Heatwaves and High Pollution: Dr Munaf Siyamwala on Challenges Patients With COPD Face During Summertime

Munaf Siyamwala, MD, of Centerpoint Medical Center, explained that summertime heatwaves and increased pollution significantly exacerbate symptoms for patients with chronic obstructive pulmonary disease (COPD).

Munaf Siyamwala, MD, a pulmonary critical care and internal medicine physician at Centerpoint Medical Center in Independence, Missouri, explained that summertime heatwaves and increased pollution significantly exacerbate symptoms for patients with chronic obstructive pulmonary disease (COPD).

To mitigate these symptoms, he suggested that patients with COPD consistently take their medications, avoid outdoor exertion, and wear loose clothing.

Dr Munaf Siyamwala | Image Credit: Dr Munaf Siyamwala

Dr Munaf Siyamwala | Image Credit: Dr Munaf Siyamwala

This transcript was lightly edited.

The American Journal of Managed Care® (AJMC®): Why is summertime particularly challenging for patients with COPD?

Siyamwala: It's not just a simple answer. Summertime, especially the heatwave that we are having, with the increase in temperature and the increase in pollution; all that matters. If you look at it more technically, when there is very hot, dry air, and when you breathe it in, it causes significant inflammation to your lung lining. So, if you already have damaged lungs, or if you already have allergies, you will become more sensitive to inflammation.

If you have COPD and other kinds of chronic lung diseases, you actually have more secretions and more bronchospasms, which can cause more symptoms. Not only that, but when we have a lot of ozone smog because of pollution, climate change, and high temperatures, it can cause significant lung inflammation. That also increases the exacerbation for patients with chronic lung disease, including COPD, and it can actually make you more susceptible to developing COPD, more susceptible to having more asthma problems, during the hot weather climate.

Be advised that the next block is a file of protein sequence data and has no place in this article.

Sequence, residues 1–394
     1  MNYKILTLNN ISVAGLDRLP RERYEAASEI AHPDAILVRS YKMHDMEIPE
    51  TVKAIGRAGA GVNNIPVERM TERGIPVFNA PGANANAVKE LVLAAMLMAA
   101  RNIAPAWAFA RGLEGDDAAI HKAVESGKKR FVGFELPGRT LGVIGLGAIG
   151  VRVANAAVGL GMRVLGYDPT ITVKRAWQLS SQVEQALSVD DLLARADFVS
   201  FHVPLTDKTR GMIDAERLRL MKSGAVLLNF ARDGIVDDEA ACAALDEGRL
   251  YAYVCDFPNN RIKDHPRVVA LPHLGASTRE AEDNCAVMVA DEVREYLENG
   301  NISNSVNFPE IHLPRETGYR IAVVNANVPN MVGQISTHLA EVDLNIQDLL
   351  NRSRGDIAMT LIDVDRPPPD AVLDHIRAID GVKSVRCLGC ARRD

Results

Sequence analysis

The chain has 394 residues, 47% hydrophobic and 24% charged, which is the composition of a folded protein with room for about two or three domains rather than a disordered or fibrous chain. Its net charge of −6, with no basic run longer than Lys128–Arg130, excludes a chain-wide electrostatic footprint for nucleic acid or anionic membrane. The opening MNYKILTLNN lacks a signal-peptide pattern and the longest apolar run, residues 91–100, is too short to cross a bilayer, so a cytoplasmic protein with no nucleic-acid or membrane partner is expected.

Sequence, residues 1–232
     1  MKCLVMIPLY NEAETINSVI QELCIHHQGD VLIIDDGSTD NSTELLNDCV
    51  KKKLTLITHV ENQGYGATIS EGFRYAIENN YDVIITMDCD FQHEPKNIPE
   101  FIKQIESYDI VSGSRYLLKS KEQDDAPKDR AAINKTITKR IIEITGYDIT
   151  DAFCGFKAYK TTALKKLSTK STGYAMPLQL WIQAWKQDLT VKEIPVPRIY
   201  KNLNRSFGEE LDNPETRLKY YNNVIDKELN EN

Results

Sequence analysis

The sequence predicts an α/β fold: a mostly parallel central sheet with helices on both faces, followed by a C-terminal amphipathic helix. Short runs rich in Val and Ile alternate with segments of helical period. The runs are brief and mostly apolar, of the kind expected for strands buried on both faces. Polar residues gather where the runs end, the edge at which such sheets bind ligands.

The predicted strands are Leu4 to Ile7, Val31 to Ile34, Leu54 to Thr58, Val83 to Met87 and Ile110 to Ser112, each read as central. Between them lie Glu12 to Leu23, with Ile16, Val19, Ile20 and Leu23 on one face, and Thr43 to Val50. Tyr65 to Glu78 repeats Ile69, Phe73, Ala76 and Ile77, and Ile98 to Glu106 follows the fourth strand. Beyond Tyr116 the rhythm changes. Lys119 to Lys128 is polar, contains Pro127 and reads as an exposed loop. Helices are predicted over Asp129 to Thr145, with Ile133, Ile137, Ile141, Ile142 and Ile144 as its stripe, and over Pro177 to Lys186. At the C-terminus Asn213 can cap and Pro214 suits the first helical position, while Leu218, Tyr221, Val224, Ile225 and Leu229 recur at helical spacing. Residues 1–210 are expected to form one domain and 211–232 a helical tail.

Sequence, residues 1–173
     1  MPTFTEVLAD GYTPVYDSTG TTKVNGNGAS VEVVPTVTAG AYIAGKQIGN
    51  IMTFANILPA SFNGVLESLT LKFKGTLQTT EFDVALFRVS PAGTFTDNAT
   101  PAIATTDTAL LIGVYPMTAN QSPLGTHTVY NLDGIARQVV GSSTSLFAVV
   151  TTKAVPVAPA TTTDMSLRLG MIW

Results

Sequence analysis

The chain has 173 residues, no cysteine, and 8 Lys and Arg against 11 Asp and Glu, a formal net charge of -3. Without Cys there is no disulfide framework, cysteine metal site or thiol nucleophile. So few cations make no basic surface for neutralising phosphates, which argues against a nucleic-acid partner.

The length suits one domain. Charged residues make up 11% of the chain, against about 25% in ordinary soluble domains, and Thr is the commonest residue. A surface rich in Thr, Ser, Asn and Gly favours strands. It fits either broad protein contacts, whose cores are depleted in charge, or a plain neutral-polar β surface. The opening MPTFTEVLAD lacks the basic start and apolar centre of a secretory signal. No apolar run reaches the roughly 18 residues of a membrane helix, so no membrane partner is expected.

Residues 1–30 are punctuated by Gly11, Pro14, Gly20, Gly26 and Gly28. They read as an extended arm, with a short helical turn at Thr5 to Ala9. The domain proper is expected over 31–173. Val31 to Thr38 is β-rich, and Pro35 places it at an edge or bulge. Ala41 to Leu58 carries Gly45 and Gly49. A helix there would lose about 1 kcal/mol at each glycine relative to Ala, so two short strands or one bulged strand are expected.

AJMC: Could you explain further how inhaling hot air affects patients with COPD?

That is still a question we cannot answer for sure, but all the data and studies suggest so far that hot air can cause significant damage to the lung lining.

Whether it's major bronchial airways, or the smaller areas, damaging the lining can cause a lot of secretions, and cause the smooth muscles around those linings to contract more, which causes the narrowing of your airways and more difficulty breathing in or out.

So, if you're already susceptible to that, with lung disease and asthma patients, specifically, it causes more trouble.

AJMC: Could you continue discussing how the elevated smog-related ozone levels during summertime worsen COPD symptoms?

Siyamwala: The important thing is how the ozone is formed during the hot weather. Basically, all the volatile organic compounds and other pollution, especially nitrogen oxides, which are produced by buses, cars, all transportation, and factories, the conversion of gas in the hot weather causes a chemical reaction, which produces more ozone.

This ozone, again, causes significant inflammation in the lung. That inflammation is the most common reason for all these flare-ups, which can cause shortness of breath, wheezing, and increased cough.

Especially during summertime, it's very hot outside, so our body tries to get rid of the heat by breathing faster. So, when you breathe faster and more often, that means you're inhaling more of those substances, and it's causing more damage.

AJMC: What do you recommend patients with COPD do to manage their symptoms during the summer?

Siyamwala: During the summer, a couple of studies suggest that the best humidity index for patients with COPD is 40 and the temperature is 70 degrees Fahrenheit. If it goes above 90, I mean, you have to avoid going outside, you have to wear loose clothing, try to keep your surroundings less than 80 to 75 degrees Fahrenheit, try to avoid exercising or doing any exertion outside, and make sure that you are taking your medication regularly.

As I said, all the patients with COPD are in all different stages. So, it could be mild COPD who could have worsening symptoms during this time compared to very severe COPD who already have bad symptoms, to begin with. So, for them, even going out for a little bit can cause a lot of problems and probably ER visits or hospital admissions.

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